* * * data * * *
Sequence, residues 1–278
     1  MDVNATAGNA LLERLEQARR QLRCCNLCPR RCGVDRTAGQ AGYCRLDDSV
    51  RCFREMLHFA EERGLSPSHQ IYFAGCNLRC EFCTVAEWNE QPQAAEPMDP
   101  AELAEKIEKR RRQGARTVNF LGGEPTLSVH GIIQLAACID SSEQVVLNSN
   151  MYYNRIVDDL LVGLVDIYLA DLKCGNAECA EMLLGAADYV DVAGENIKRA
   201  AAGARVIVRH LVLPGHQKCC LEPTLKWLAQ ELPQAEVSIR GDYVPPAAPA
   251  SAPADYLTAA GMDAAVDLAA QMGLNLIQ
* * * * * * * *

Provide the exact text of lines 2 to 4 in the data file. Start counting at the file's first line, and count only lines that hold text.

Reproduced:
     1  MDVNATAGNA LLERLEQARR QLRCCNLCPR RCGVDRTAGQ AGYCRLDDSV
    51  RCFREMLHFA EERGLSPSHQ IYFAGCNLRC EFCTVAEWNE QPQAAEPMDP
   101  AELAEKIEKR RRQGARTVNF LGGEPTLSVH GIIQLAACID SSEQVVLNSN